Some brief comments, supplementary to this post by GoverNancy writing on TES Connect about Barrowford Primary School's letter to pupils. GoverNancy reproduces the letter.
What follows records my response when I read the letter via Twitter prior to the appearance of online commentary. It's the approach I take to all written matter.
What am I reading?
Form is an authorial choice, a signpost to how I am invited to read and with what evaluative criteria.
This is in letter form. I am not addressed. A headteacher is addressing an 11 year old. However, it is standardized to include all relevant recipients and hence in the general class, formal letter, enclosing, as it does, that most formal of communications: exam (here SATS) results. I would in normal circumstances never have read this letter. A parent published it and it has subsequently been widely read, by far more people than those to whom it is specifically written.
Why was this letter written?
Authorial intent is patently to write something as an introductory courtesy which may accompany and offer context for educational information of the highest significance to writer and reader. The alternative was to forward the results alone. I reflect that the letter did not have to be written, that the writer has much else to do, that it is close to year's end, that the students addressed are leaving and hence, the writer will rightly, humanly feel all that implies.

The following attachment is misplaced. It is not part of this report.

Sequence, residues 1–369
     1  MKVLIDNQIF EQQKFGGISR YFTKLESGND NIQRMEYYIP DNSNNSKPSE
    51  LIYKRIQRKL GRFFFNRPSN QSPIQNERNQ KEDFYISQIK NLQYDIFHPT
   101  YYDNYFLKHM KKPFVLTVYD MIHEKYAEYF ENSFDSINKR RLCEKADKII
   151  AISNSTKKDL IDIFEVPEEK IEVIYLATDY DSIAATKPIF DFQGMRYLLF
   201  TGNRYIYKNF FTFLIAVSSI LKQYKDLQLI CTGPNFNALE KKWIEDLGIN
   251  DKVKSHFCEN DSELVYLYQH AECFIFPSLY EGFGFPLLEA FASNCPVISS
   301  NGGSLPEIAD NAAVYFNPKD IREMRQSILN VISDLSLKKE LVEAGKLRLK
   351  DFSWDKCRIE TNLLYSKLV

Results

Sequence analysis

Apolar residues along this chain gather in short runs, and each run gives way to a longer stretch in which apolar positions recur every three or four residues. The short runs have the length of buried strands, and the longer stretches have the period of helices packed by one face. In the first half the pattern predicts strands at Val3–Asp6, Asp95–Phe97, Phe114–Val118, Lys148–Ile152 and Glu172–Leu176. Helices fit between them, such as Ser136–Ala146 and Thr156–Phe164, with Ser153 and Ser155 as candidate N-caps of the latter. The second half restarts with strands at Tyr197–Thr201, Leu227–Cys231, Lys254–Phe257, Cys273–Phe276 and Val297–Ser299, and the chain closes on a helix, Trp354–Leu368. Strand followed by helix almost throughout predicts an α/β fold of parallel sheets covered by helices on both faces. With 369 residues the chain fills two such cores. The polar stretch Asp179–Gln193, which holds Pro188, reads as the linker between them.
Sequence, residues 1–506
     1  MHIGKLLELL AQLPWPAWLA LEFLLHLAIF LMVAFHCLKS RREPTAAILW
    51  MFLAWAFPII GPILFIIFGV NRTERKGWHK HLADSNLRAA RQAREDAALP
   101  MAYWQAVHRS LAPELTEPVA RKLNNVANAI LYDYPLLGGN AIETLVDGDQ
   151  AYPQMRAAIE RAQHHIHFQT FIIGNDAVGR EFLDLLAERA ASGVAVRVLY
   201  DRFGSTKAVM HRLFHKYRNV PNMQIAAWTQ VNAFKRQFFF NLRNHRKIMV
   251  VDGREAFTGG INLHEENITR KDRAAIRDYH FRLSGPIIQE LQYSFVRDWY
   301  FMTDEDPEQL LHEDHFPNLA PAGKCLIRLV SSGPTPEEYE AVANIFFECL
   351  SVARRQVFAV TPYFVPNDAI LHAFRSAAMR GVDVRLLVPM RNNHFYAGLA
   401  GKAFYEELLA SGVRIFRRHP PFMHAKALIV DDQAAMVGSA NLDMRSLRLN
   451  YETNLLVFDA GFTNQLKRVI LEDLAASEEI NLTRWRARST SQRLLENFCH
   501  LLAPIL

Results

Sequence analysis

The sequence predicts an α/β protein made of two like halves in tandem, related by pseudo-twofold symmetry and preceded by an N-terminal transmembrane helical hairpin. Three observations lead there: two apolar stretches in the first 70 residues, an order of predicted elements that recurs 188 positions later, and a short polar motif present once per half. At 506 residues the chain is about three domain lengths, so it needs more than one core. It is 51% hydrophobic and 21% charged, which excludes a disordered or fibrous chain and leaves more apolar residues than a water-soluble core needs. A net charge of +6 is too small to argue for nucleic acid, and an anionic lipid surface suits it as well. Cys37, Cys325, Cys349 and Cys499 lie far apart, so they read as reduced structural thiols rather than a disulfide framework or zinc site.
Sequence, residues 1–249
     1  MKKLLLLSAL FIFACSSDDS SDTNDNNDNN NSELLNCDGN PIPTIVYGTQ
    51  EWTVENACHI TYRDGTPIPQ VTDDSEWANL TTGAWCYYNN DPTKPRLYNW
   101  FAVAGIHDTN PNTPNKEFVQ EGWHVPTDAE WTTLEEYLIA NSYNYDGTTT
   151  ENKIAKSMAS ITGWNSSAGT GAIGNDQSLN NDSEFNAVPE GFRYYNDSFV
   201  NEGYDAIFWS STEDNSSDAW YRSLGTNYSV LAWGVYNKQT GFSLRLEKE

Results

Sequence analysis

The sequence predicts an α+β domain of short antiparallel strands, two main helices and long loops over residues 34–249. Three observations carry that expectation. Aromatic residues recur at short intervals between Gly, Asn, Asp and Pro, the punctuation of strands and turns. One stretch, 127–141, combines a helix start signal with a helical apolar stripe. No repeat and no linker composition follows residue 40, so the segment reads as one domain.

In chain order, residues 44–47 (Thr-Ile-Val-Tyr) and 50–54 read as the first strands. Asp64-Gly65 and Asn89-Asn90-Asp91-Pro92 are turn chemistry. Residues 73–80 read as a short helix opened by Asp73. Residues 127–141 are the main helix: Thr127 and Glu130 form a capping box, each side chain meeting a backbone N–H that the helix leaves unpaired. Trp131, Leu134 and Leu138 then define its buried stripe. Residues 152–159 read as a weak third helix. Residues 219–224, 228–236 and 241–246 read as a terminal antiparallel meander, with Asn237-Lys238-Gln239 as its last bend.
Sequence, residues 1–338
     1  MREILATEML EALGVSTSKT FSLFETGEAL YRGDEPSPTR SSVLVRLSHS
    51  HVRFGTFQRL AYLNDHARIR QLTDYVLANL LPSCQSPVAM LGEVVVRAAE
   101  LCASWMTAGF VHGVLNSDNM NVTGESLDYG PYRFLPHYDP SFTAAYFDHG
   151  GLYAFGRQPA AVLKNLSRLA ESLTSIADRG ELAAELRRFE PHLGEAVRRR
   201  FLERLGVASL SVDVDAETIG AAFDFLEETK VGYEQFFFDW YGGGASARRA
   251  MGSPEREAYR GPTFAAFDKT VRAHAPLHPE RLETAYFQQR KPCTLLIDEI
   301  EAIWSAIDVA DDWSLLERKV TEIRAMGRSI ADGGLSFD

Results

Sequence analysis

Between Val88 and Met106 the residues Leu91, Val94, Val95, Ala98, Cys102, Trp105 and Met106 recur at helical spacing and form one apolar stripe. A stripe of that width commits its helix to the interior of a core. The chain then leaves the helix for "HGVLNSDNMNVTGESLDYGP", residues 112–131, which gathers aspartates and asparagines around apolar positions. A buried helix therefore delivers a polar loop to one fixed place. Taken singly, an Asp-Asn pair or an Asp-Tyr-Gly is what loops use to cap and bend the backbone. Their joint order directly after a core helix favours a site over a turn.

I find myself describing an altruistic impulse which I am not surprised to find in a teacher.
What does the letter say?
I note that the central communication, eagerly and anxiously awaited by pupil and parent or guardian, is the all-important exam result. Given that unmistakable presence, I hardly expect the letter to state the obvious. It would render it superfluous. The introductory paragraph is enough to confirm what all involved are acutely aware of: SATS results matter a lot.
The bulk of the letter is expressly designed to affirm this is a school that values and (here) celebrates much much more than that which SATS results report on. This affirmation is not merely a personal (and certainly neither a prejudiced nor political) passage - the head teacher is echoing the National Curriculum for KS1 and KS2, as is her legal duty.Specifically, she takes this supremely appropriate moment to remind all concerned that the school curriculum comprises more than learning. Section 2 HERE formally expresses that which the letter details in a language more appropriate to a different context and audience.
I make a mental note that the final paragraph (of course) returns to the matter of SATS and that "there are many ways to be smart" has no pretension to be an educational theory. She's right - children are praised for a "smart" appearance and SATS doesn't report on your prowess with the violin.
Is the language appropriate?
"Smart" is a word in common (as opposed to academic) use, closer to "smartypants" than anything else. It suits the audience and broader education theme. Clearly, this teacher is going for language that's informal and accessible to children (parents will read and, from the flurry of positive public responses, pick up on this head's intended implication - we understand your child and they understand us, see?).
I recognized immediately that I'd read the central paragraph via a link months before. Notions of plagiarism are just not relevant in this context. I thought of the head, finding a moment to try to support her pupils at a crucial time the best way she could muster. Well, this passage, in content, language and spirit does the job.